Researchers at NUI Galway’s Ryan Institute are at the centre of conservation efforts in relation to mining for precious minerals at the depths of our oceans. In this new ‘gold rush’, the ecological assessment of the effects of mining operations will be key to sustainably exploiting resources at these very important habitats, according to organisers of a major workshop next week.
The Ryan Institute’s Patrick Collins and Dr Bob Kennedy have scheduled a high-level international workshop from 10-12 April with the aim of standardising methods used for assessing the ecological impacts of commercial mineral extraction at deep-sea hydrothermal vents. Sometimes called ‘black smokers’ these volcano like structures sit thousands of metres under the sea and produce “seafloor massive sulphides”, sediments that are very rich in copper, zinc, gold and silver. They also support an array of unique life forms.
The minerals found at hydrothermal-vents are increasingly in demand, for potential uses in the production of superconductors, precision lasers and other electronics.
“We are seeing a gold rush to the bottom of the sea”, says Dr Bob Kennedy, an expert in benthic (sea floor ) ecology with the Ryan Institute at NUI Galway. “Valuing the goods and services provided by ecosystems is always a difficult compromise. Mining hydrothermal vents involves the removal of the vents and adjacent seafloor massive sulphides using cutting and suction devices to transfer the ore to barges at sea. Where mining occurs, the habitat will be completely removed and there will be substantial disturbance to the adjacent area.”
The workshop, VentBase, is supported by the International Seabed Authority and InDeep, the international network for scientific investigations of deep-sea ecosystems. VentBase is set to attract academics and high-profile delegates from all over the world, including delegations from government bodies such as IFREMER in France, JAMSTEC in Japan, KORDI in Korea and NIWA in New Zealand. Commercial mining companies will also attend, with a presentation by Nautilus Minerals, the first company to actually begin mining.
At present there is just one site, Solawara 1 near Papua New Guinea, where mining is being actively developed. It has led to many calls in the scientific community and general press for a halt to mining at hydrothermal vent sites because of their high biodiversity value.
A biologist with the Ryan Institute at NUI Galway, Patrick Collins was part of an expedition last summer which discovered a new hydrothermal vent site in the Atlantic. While actual mining is probably a decade away in the North Atlantic, he believes this is the ideal time for Ireland to take a central role in managing this unique biological resource.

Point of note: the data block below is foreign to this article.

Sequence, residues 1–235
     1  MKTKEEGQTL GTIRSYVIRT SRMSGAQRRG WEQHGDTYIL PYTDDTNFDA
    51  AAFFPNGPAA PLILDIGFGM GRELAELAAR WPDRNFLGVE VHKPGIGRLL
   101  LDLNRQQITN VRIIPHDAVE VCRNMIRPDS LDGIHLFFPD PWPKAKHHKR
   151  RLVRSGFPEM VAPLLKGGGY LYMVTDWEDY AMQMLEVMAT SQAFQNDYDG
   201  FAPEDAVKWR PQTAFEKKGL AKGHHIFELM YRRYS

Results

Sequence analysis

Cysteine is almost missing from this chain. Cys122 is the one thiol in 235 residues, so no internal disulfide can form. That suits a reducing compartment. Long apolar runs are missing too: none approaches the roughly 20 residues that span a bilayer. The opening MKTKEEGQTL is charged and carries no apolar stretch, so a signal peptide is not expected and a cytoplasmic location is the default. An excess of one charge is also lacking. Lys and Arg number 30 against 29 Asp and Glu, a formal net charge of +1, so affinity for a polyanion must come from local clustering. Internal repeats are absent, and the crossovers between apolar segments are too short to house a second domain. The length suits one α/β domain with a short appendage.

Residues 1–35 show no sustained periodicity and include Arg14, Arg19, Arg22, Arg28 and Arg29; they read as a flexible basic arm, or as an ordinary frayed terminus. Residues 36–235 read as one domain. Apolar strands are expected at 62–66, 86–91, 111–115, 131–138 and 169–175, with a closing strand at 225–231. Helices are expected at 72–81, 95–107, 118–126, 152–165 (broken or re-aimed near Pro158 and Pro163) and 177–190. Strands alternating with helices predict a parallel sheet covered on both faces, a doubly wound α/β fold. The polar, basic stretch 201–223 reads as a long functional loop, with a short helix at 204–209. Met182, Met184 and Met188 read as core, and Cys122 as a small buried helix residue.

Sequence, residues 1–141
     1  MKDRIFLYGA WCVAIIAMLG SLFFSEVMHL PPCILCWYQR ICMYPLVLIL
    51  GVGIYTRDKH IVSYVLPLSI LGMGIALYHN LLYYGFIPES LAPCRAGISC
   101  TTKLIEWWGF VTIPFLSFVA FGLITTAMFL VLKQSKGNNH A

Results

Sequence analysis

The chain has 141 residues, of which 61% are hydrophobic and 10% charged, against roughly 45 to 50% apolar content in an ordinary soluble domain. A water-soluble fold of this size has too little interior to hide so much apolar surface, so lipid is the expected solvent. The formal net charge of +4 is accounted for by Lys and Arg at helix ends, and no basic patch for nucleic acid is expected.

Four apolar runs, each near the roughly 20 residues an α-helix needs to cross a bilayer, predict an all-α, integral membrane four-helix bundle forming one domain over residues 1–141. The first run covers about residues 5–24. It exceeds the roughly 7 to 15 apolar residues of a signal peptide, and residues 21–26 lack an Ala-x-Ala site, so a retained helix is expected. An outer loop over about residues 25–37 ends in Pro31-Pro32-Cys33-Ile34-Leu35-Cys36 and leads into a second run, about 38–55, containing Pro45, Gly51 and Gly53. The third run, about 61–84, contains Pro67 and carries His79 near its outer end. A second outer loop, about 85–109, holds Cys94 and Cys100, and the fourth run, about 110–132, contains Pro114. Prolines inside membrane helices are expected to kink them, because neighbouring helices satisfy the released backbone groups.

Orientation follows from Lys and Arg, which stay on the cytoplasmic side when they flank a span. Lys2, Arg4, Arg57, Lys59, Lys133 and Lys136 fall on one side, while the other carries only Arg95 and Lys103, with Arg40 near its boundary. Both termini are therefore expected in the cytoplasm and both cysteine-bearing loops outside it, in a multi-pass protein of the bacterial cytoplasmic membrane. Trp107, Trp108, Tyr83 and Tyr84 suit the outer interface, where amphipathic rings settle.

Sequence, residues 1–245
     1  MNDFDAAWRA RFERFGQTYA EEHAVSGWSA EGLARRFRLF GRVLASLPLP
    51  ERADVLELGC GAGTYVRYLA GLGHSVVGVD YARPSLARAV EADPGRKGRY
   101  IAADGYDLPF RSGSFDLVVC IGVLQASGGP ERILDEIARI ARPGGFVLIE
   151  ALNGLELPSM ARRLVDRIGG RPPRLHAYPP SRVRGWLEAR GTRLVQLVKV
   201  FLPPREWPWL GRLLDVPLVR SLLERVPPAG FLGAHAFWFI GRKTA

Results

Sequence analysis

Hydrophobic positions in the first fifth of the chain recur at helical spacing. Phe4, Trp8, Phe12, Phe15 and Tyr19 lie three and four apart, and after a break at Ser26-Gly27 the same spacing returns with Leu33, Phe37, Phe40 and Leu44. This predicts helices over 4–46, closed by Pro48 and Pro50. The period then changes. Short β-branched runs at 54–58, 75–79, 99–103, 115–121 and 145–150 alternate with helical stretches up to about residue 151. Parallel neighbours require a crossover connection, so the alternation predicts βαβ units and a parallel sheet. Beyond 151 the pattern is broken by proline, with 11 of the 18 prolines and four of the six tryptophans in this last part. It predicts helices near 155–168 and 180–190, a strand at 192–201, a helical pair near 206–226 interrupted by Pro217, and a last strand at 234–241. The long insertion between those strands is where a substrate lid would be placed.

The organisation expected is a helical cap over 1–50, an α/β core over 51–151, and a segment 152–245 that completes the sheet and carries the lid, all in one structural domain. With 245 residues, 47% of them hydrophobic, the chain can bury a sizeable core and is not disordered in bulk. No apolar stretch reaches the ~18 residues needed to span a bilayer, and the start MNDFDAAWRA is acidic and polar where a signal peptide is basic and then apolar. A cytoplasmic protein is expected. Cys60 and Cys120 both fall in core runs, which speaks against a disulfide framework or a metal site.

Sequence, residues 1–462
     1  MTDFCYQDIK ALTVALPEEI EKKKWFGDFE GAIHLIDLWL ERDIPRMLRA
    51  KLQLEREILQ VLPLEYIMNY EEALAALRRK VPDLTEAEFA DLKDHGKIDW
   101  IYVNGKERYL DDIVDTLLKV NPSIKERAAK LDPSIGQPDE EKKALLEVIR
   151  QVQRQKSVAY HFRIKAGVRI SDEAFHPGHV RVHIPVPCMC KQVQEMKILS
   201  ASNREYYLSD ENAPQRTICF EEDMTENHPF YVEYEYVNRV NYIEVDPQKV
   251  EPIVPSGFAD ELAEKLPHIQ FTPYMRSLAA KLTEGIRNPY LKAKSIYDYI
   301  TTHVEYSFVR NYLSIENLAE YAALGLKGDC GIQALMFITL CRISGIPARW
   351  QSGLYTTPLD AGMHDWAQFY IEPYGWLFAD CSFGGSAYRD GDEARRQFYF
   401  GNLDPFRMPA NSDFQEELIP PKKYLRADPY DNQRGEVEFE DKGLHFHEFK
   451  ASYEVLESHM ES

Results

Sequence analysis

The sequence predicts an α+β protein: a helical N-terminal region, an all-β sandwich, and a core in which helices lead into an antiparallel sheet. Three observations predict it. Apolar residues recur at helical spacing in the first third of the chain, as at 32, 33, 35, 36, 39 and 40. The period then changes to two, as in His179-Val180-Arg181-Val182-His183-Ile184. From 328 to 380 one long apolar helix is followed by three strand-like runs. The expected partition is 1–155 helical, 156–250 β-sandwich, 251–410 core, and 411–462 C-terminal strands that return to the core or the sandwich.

He comments: “From a conservation perspective, vents are one of the last remaining wild frontiers. We are only beginning to scratch at the surface of this enormous biotechnological resource. Animals at these sites have adapted to a very harsh, toxic and radioactive environment. Their tissue often has increased regenerative powers and may hold secrets to new medicines and useful materials.
Life at these depths is not based on photosynthesis, but on turning energy from the earth’s core directly to biomass. This may be a good model for what life on other planets may be like. We should value giant tubeworms and bizarre blind shrimp for their quasi alien nature, and for reminding us that there is always the possibility of innovation in solving any problem, even if it seems like alchemy at first glance.”
Despite there being data available from many cruises to investigate hydro-thermal vents, the information is often collected in a different way by each operator, meaning that it is very hard to compare vent sites to each other and to use evidence to make general statements about important processes at vent sites. The organisers of VentBase hope the event will help to develop protocols for the collection of rigorous and comparable evidence from many hydrothermal vents sites around the world.
“The pulse of progress in the deep-oceans quickened after the announcement of James Cameron’s successful solo-expedition to its deepest recess,” says Dr Kennedy. “Cameron was only the third human to touch down and the first to film the 11km depths of the Marianas Trench. To put this in context, four times as many people have walked on the moon and over five hundred people have been into space. The deep sea is largely unknown territory and we must consider many ecological aspects before we throw open the doors to mining.”